Operations management researchers and practitioners face new challenges in integrating issues of sustainability with their traditional areas of interest. During the past 20 years, there has been growing pressure on businesses to pay more attention to the environmental and resource consequences of the products and services they offer and the processes they deploy. One symptom of this pressure is the movement towards triple bottom line reporting (3BL) concerning the relationship of profit, people and the planet. The resulting challenges include integrating environmental, health, and safety concerns with green product design, lean and green operations, and closed-loop supply chains. We review these and other 'sustainability' themes covered in the first 50 issues of Production and Operations Management and conclude with some thoughts on future research challenges in sustainable operations management.
Currently, many businesses are implementing a proactive, strategic tool known as an environmental management system (EMS) to gain a competitive advantage. Companies can no longer simply use compliance plans to deal with environmental concerns; consumer demands for greener products and services, and operational efficiencies require long term strategic and sustainable approaches for environmental management. An EMS includes documentation of: commitment and policy; planning; implementation; measurement and evaluation; and review and improvement. Establishment and maintenance of an EMS can be costly and time consuming, therefore implementation should be carefully structured to assure success. This paper identifies human resource (HR) factors such as top management support, environmental training, employee empowerment, teamwork, and rewards systems as key elements of the implementation process of an EMS. Furthermore, the interaction of these factors is examined in terms of the five categories of an EMS mentioned above. Finally, a conceptual model of the EMS-HR factors is proposed to assist in proper facilitation of the environmental management program.
Environmental management has become an issue of substantial concern, particularly in the chemical industry. A comparative study of U.S. and German chemical companies shows that they adopt substantially different strategies to express this concern. Four different strategies have been identified, and the characteristics that indicate responses to environmental factors are substantially different among the clusters. It is suggested that regulatory agencies should take these differences into account, and that companies that have adopted a particular strategy should be aware of alternative approaches by their competitors. The choice of new technology and the R&D portfolio will be affected by the strategies chosen.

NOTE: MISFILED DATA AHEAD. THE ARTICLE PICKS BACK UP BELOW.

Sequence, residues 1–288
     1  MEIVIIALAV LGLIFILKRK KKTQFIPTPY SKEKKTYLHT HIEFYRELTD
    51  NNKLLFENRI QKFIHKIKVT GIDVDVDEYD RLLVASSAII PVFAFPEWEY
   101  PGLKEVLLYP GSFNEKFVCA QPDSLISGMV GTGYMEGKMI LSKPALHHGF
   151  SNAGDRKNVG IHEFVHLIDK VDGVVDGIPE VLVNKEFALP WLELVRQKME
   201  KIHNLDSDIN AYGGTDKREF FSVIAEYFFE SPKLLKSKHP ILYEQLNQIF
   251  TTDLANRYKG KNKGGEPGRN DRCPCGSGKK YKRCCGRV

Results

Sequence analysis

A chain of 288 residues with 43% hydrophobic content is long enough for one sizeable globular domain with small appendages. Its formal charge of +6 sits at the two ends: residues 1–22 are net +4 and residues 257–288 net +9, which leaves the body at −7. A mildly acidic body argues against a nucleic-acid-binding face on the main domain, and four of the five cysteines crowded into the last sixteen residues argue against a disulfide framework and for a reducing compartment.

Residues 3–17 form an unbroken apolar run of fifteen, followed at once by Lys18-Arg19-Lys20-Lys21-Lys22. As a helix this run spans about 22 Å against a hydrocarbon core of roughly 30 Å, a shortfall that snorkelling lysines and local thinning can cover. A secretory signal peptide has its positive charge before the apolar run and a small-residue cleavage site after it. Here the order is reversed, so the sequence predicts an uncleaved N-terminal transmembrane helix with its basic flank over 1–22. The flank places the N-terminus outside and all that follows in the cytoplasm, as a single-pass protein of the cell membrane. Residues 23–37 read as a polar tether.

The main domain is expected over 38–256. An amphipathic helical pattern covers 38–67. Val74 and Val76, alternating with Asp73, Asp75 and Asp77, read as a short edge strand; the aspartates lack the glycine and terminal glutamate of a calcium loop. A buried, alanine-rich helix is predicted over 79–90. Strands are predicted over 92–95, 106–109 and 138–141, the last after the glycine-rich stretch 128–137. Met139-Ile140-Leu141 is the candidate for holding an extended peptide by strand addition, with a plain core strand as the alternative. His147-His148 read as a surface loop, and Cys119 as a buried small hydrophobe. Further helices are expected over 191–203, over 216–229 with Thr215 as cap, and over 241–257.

There is a growing need for integrating environmentally sound choices into supply-chain management research and practice. Perusal of the literature shows that a broad frame of reference for green supply-chain management (GrSCM) is not adequately developed. Regulatory bodies that formulate regulations to meet societal and ecological concerns to facilitate growth of business and economy also suffer from its absence. A succinct classification to help academicians, researchers and practitioners in understanding integrated GrSCM from a wider perspective is needed. Further, sufficient literature is available to warrant such classification. This paper takes an integrated and fresh look into the area of GrSCM. The literature on GrSCM is covered exhaustively from its conceptualization, primarily taking a ‘reverse logistics angle’. Using the rich body of available literature, including earlier reviews that had relatively limited perspectives, the literature on GrSCM is classified on the basis of the problem context in supply chain's major influential areas. It is also classified on the basis of methodology and approach adopted. Various mathematical tools/techniques used in literature vis-à-vis the contexts of GrSCM are mapped. A timeline indicating relevant papers is also provided as a ready reference. Finally, the findings and interpretations are summarized, and the main research issues and opportunities are highlighted.